Thanks for listening. I’m Cameron Turner and that’s my two cents.
Watch Cameron Turner’s video essay on Rihanna’s “Man Down”:
*Rihanna continues to defend the controversial new video for her latest single “Man Down,” saying the footage of her murdering a man who appears to have sexually assaulted her a day earlier is a message of empowerment for girls.
As previously reported, The Parents Television Council, the Enough is Enough campaign and think tank Industry Ears, have attacked the video as an act of calculated murder that will encourage young women to turn to violence.
But Rihanna, the victim of a violent 2009 physical attack by then boyfriend singer Chris Brown, told Black Entertainment Television (BET) on Thursday that “Man Down” addresses the topic of rape.
“Rape is happening all over the world and we continue to cover it up and pretend it doesn’t happen,” Rihanna, 23, told the network in an interview.
“Girls are empowered by this … I’m just really impressed that my fans get it,” she said. “That was really important to me. This is a story for them.”
She also told BET, which itself drew criticism for airing the video, that the girl she depicts is “not a cold-blooded killer” and she shows remorse about the killing.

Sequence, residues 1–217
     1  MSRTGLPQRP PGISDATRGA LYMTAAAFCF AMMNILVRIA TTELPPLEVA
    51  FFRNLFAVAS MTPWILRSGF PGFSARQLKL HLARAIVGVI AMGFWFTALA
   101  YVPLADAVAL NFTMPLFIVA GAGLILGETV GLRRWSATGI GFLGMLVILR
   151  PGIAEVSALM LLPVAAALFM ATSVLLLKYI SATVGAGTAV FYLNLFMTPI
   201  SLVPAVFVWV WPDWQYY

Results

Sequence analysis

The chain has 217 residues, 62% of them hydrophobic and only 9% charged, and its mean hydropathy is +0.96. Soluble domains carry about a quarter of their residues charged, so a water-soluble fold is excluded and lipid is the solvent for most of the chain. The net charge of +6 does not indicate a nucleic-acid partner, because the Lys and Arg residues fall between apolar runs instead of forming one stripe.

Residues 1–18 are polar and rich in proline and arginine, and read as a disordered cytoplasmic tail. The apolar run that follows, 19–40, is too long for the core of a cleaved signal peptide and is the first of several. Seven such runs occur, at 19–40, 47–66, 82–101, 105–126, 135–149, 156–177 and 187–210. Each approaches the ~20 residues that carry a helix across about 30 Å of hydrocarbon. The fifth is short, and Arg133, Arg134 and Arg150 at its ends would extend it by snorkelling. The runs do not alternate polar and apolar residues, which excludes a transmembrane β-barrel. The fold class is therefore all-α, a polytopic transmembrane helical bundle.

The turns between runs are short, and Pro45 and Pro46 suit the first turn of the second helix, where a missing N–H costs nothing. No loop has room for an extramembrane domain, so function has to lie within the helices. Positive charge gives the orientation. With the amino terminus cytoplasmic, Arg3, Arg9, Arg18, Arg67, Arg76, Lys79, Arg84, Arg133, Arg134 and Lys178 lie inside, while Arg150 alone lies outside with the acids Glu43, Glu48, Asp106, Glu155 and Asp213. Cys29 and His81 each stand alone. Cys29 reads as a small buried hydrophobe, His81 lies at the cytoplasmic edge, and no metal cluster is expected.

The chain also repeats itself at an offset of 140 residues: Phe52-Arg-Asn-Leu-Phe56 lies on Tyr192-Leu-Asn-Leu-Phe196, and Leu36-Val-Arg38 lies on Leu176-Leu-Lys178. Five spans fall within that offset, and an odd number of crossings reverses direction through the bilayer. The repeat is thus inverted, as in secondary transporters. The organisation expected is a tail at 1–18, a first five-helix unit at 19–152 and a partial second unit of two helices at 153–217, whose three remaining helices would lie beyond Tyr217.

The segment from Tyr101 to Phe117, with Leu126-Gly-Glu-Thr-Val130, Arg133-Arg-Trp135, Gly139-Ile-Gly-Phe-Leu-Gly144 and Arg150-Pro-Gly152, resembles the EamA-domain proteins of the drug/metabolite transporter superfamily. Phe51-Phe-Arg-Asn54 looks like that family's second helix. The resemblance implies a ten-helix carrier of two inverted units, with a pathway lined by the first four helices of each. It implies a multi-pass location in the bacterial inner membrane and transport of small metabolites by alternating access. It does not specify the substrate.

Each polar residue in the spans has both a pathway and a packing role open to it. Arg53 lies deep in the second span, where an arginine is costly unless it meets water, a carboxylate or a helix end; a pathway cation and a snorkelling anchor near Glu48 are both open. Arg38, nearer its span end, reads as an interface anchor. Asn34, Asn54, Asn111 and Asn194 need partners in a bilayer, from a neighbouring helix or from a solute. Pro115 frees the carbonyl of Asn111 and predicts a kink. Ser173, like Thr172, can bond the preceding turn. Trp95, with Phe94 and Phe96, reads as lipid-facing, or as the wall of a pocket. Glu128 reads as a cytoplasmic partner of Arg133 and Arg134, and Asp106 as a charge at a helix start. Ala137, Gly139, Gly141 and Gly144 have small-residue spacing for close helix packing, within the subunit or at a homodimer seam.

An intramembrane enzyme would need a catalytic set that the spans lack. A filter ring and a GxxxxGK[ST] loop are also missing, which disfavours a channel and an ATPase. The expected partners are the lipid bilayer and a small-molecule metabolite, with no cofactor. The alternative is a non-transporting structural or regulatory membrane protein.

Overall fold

“I didn’t do it to make a controversial video,” Rihanna said. “I wanted to make a mini-movie, something raw and artistic.”
“Man Down”, the latest single from Rihanna’s album “Loud”, was released last week.
*Rihanna is going in on her critics, Parents’ Television Council and former BET employee Paul Porter, for criticizing her “Man Down” video which depicts a victim of domestic violence, shooting down her assailant.
Thursday, on BET’s “106 & Park” music video countdown show, Rihanna said the video is “art with a message.”
“We just wanted to hone in on a very serious matter that people are afraid to address, especially if you’ve been victimized in this scenario,” Rihanna said.
BET says it will continue to play the video, explaining that the network “has a comprehensive set of standards and guidelines that are applied to all of our content” and that Rihanna’s video “complied with these guidelines and was approved for air.”